Most of you know that in December we began our life on the road. We sold nearly all of our belongings, put our house up for sale, and moved into our newly purchased 5th wheel RV with our two kids and two dogs. Life as we knew it would be changed and hopefully for the better.
The conversations that Tim and I had over the last 5 years had evolved greatly. Talks went from “material must-haves” to “how can we live a greener, simpler, more full-filled life.” Things got deep in the Hine household!
We did our part to lessen our carbon foot print with dreams of becoming more self-sustaining. Growing, canning, and freezing from our garden, recycling everything we could, upgrades to the house to make it more efficient, buying second hand. Working toward the “Laura Ingalls times,” but with 21st century perks of TV, Internet and cell phones, of course.
Even with these things and the conversations we had about simple living, we were surrounded by stuff, and time seemed to be a limited commodity. We both worked a combine of at least 70 hours a week outside the home, two kids, two dogs, a “too big for us” house that was filled with stuff, which all required time. Clearly not everything was getting sufficient attention. I believe they call this the “American Dream.”
Many people live this lifestyle and love it, we did for over 30 years. However, recent events in our lives (you can read about those in past blog posts), removed the blinders, so to speak. We were oblivious to how the rest of the world lives and how our first world problems were and are so, so very small.
So we embarked on a journey to follow a dream, see the country, embrace cultures, give back, live simply, and have quality family time while doing it!
First stop, Texas! We new this journey would make it difficult to achieve a self-sustaining lifestyle. However, Texas has made this far more challenging than we thought. Let’s face it, we end up in a grocery store about every three days. Our dependence on conventional food sources was not what we had in mind. We have found no farmer’s markets during this Texas winter and health food stores are scarce, let alone the two grocery store options we have within 30 miles. Mind you, we’ve only lived in rural Texas, so this may not apply everywhere.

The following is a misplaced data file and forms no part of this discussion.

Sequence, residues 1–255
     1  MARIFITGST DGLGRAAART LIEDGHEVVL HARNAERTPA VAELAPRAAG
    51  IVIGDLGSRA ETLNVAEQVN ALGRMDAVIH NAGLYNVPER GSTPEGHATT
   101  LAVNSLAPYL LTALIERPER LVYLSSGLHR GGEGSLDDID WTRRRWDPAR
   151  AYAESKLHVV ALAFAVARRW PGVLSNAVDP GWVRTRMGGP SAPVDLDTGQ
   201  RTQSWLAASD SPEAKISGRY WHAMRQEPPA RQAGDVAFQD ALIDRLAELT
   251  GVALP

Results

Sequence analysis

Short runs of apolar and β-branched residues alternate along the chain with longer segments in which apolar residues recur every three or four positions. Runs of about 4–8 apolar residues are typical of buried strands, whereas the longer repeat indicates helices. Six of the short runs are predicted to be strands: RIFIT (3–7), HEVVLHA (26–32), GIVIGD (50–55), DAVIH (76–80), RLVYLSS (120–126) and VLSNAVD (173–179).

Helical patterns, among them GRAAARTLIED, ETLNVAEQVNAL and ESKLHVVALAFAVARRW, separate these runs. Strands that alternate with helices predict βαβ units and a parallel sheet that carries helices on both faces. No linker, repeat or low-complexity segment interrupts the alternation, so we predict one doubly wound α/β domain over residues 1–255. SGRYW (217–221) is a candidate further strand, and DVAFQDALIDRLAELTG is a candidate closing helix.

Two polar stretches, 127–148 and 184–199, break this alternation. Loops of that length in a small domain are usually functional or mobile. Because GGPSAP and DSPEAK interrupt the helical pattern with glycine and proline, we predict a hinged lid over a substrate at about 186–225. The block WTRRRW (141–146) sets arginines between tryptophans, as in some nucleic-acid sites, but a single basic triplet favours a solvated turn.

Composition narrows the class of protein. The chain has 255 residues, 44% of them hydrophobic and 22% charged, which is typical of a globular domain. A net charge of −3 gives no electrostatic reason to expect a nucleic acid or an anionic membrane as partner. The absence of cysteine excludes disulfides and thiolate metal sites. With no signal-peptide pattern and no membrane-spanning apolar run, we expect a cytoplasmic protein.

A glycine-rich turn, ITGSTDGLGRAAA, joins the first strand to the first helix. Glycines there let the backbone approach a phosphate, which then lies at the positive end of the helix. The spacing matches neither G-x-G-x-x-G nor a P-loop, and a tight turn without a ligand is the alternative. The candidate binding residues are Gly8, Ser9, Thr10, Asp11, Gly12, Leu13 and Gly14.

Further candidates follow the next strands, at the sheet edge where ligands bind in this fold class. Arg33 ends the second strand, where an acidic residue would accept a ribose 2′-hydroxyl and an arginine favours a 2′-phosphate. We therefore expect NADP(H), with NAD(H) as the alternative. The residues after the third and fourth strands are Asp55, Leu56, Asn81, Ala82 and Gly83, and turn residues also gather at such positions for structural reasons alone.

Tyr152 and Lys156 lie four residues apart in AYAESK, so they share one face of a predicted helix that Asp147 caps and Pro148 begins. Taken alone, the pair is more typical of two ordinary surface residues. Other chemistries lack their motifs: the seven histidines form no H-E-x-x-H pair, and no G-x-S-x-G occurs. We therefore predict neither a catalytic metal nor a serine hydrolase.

We were fortunate to have resources available to us in Indiana that allowed us to recycle or donate everything we possibly could. This is not the case for the places we’ve stayed in Texas. Not only has it been hard to find places to recycle, it’s even more frustrating how many people don’t give a second thought to recycling, including the Texas State parks we’ve visited. Sorry for the rant, but I hate throwing away things that can be recycled.
However, what we have lost in green living, we have more than made up for in simple, clutter-free living and I’m not just referring to less stuff. I’m talking about the freedom that comes with literally disconnecting from technology.
This tech-free living was not exactly by choice, rural Texas had a hand in that one. The two different parks we’ve lived in, had little to no cell phone service, no wi-fi, no 4G hot spot capabilities and at best, 5 digital television channels.
While I was teetering on a tragedy to live without these things, my husband who was born without the “tech loving” gene thought it merely an occasional inconvenience. I went from having an iPhone where I had access to anything at my fingertips to a phone that could barely text or make phone calls. Fortunately, my work was located in a prime 4G location! Tim went from a flip phone he rarely used to a flip phone he was rarely able to use. We went from 15 digital TV channels in Indiana down to 5 channels, which were sadly not PBS.
Because of our lack of technology, we no longer had the TV on just because, I was no longer checking my phone for Facebook updates far too often, and the computer was rarely turned on. We were definitely not getting our money’s worth from our Verizon data plan!
It really is amazing how many books you can read, and thought-provoking conversations you can have with your husband, without all of the outside world distractions. We were living in a beautiful 3,000 acre State Park that aside from us and the park hosts, was nearly empty. We caught the most beautiful sunset at Cooper Lake during one of our evening walks. We have seen countless Texas wildlife and were able to “enjoy” the quiet beauty of the park following a heavy Texas snowfall.
Even though we had to drive to the highest point in the park to make a phone call, try four times to send a text, and not being able to catch my favorite show, the Blacklist, on NBC, we not only survived; we realized we can thrive in this environment once we changed our perception. Hopefully this new found mindset will carry over to other aspects of our journey.
P.S. My husband, Tim, was my chief editor on this post. Still talking him into a guest post on the blog about his adventures as Mr. Mom…stay tuned!